Two John Street East properties, which include the historic Randwood Estate and other signifiant heritage attributes, have been designated by the Town under the Ontario Heritage Act.
A bylaw to designate the properties, which comes following the property owner’s October withdrawal of an appeal to prevent the designation, was approved by council at their last December meeting.
The protection afforded by designation is important, says Lord Mayor Betty Disero, especially with the properties up for sale. Should anybody come forward with proposals to develop either of those properties, she says, “we know what needs to be protected, and we can talk about any changes to that property within the heritage context.”
The designation of the properties should have been undertaken by council when the former owners had a 2011 hotel proposal approved, she says.
“But they didn’t, and we’ve done it now,” says Disero, adding an earlier designation “could have saved a lot of tension.”
The town-initiated process to designate the other two properties, and the owner’s appeal, will continue, with the next step being a hearing before the Conservation Review Board, which “is taking a really long time,” says Disero. There is only one member of the board to cover the entire province, and hearings were cancelled for a time early in the pandemic, she says.
Town staff have been inspecting the site and will know what has been damaged on the property during the designation process, if anything, says Disero. “They have a record of everything that’s happened.”
She says people peeking in windows thought things were being removed, such as the fireplaces, which are actually just boarded up but still there.
There was a report of things being thrown out of upstairs windows at one point, and staff investigated and took photos, she says.
In addition to the appeal of designation on other properties, Disero says she believes charges against the property owner for damage to the historic Dunington-Grubb landscape have yet to be settled.
The Town began the designation of all four properties with a notice of its intention in the summer of 2018, when council decided not to wait for the property owner, who said he supported designation, to proceed at his pace.
The Marotta group of Two Sisters Resort and Solmar Development Corp., owner of the four properties, filed an appeal of the Town process early in 2019.
The appeal withdrawal, which coincided with the owner’s announcement he intends to sell 144 and 176 John Street East, does not include 200 John Street or 588 Charlotte Street lots, which remain the subject of a subdivision application. Town planning director Craig Larmour said in October that application was not complete.
The property owner’s appeal to the Local Planning Appeal Tribunal over the lack of a decision on the application to build a six-storey hotel and event centre was also dropped when the two John Street properties were put up for sale, listed at $19 million.
Property owner Benny Marotta told The Local at the time he was “tired of dealing with the politics” of Niagara-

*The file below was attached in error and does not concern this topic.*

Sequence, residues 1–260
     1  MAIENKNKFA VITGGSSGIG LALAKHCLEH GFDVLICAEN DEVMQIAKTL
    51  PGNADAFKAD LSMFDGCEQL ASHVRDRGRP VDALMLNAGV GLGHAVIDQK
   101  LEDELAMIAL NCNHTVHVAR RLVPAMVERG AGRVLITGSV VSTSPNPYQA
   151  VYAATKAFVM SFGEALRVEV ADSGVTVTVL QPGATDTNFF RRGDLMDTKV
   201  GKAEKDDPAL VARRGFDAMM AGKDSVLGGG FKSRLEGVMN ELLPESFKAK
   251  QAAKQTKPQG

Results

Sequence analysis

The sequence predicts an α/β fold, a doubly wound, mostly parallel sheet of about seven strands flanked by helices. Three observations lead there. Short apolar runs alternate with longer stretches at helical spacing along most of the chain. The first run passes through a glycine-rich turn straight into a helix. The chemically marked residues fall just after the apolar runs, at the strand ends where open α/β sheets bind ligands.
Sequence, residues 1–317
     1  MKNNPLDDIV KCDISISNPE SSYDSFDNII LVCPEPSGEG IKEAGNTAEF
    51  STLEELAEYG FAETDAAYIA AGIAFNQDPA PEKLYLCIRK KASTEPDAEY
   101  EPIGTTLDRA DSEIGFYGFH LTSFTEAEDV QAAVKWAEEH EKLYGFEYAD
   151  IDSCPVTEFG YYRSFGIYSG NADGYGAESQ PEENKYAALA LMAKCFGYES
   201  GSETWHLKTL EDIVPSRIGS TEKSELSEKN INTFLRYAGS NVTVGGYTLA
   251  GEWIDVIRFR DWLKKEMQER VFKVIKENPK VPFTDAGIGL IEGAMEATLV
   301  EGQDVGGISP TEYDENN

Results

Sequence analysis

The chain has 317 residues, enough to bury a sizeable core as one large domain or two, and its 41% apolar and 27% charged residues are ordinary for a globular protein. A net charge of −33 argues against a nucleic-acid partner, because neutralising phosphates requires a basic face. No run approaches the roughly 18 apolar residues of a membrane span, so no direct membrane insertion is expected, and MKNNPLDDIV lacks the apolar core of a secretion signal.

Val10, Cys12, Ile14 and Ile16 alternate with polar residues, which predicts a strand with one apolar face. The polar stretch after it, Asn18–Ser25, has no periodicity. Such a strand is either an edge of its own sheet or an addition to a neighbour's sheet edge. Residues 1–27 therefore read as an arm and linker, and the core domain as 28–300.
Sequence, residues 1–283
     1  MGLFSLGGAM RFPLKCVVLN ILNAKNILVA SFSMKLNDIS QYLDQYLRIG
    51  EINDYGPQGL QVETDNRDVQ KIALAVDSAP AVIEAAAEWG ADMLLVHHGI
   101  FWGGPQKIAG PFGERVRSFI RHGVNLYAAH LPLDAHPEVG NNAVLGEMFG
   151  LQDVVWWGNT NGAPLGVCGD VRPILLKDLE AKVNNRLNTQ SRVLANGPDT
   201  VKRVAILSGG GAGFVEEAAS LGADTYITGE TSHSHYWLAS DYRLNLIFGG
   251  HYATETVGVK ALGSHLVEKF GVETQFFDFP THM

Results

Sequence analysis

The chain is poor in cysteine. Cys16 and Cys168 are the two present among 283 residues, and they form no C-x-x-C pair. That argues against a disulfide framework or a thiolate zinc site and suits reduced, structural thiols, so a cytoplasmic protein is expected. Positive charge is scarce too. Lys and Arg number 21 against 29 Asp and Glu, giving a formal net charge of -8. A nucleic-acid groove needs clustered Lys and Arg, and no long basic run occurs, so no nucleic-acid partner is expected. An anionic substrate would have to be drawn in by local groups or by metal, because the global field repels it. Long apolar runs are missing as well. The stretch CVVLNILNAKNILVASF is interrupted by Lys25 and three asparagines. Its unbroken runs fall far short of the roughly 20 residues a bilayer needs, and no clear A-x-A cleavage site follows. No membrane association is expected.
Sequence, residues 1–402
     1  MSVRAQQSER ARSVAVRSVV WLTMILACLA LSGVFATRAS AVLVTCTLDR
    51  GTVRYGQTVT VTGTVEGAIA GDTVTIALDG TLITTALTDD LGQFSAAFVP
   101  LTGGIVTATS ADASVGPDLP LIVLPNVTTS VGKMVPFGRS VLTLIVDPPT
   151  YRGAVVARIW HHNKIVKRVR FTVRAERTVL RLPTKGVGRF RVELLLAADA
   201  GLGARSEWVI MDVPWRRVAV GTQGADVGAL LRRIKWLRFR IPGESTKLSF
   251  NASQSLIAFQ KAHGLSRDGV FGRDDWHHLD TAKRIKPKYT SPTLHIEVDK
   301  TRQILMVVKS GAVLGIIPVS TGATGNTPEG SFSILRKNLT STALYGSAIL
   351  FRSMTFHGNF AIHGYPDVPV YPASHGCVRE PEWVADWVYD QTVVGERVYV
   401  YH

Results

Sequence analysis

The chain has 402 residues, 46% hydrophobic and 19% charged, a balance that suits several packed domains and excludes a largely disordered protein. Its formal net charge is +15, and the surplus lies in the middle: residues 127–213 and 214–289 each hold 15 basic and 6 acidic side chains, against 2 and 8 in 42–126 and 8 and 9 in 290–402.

on-the-Lake, and “the group of people supported by the politicians.”
He said his intention all along was “to preserve the integrity of this heritage property and enhance its already robust landscape for guests and the community to enjoy, while creating a beautiful establishment that would elevate hospitality in Niagara-on-the-Lake.”
The 13-acre property at 144 John St. E., and the lot next to it at 176 John St. E., the two that are now designated of heritage significance, were purchased by Marotta in 2016 for $8 million.
After a two-day hearing before the Ontario Superior Court last January on Marotta’s attempt to put a stop to the town-initiated designation process on all four properties, Madame Justice Linda M. Walters ruled against the property owner, saying the matter should proceed to a hearing before the Conservation Review Board.
The The Marotta group of Two Sisters Resort and Solmar Development Corp. did not respond to a request for comment.
Included in the designation of the two John Street properties are the main residence (Randwood), a local landmark which was owned by the Rand family from 1919 until 1980, a wooden gazebo, and a modern brick pavilion. There are also other buildings and many landscaping features of note, including the wooden and stone foot bridges, stone pathways, and water fountain, the report accompanying the designation bylaw says.
The heritage value includes the Rand summer house, as well as the concrete, brick and stone wall found along John Street East and Charlotte Street.
The report mentions the many historical associations of the properties, from the early owners, to the Rand family in more recent times, and ties to the Devonian Group (now part of the Devonian Group of Charitable Foundations,) and The Niagara Institute (now part of the Conference Board of Canada), which used the property for conferences, seminars and as a place of teaching. The Niagara Institute was established by Calvin Rand in 1971.
The designation report also references the Canadian landscape architect team of Howard Dunington and Lorrie Dunington-Grubb. The couple designed and worked on various areas and landscapes on the property, and “were pioneers and well-respected in the Canadian landscape architect community. The property also has historical/associative value as it demonstrates or reflects their work and ideas.”
The red brick pillars which mark the entrance to the property on John Street and the mature trees and plantings and boxwood hedge are also of historic significance, the report notes.